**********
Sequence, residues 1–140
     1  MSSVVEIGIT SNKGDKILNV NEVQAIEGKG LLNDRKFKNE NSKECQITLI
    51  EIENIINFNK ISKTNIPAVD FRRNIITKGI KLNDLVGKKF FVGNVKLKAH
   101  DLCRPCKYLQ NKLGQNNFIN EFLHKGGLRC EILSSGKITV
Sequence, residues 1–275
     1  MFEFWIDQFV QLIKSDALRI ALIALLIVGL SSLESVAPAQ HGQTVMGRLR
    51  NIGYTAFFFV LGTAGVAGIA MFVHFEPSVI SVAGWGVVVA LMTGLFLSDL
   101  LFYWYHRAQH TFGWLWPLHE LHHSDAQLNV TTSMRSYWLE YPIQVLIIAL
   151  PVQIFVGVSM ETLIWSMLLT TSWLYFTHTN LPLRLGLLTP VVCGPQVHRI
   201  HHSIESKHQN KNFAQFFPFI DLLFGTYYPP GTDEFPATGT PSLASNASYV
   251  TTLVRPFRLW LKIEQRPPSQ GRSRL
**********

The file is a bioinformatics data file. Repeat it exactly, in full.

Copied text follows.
Sequence, residues 1–140
     1  MSSVVEIGIT SNKGDKILNV NEVQAIEGKG LLNDRKFKNE NSKECQITLI
    51  EIENIINFNK ISKTNIPAVD FRRNIITKGI KLNDLVGKKF FVGNVKLKAH
   101  DLCRPCKYLQ NKLGQNNFIN EFLHKGGLRC EILSSGKITV
Sequence, residues 1–275
     1  MFEFWIDQFV QLIKSDALRI ALIALLIVGL SSLESVAPAQ HGQTVMGRLR
    51  NIGYTAFFFV LGTAGVAGIA MFVHFEPSVI SVAGWGVVVA LMTGLFLSDL
   101  LFYWYHRAQH TFGWLWPLHE LHHSDAQLNV TTSMRSYWLE YPIQVLIIAL
   151  PVQIFVGVSM ETLIWSMLLT TSWLYFTHTN LPLRLGLLTP VVCGPQVHRI
   201  HHSIESKHQN KNFAQFFPFI DLLFGTYYPP GTDEFPATGT PSLASNASYV
   251  TTLVRPFRLW LKIEQRPPSQ GRSRL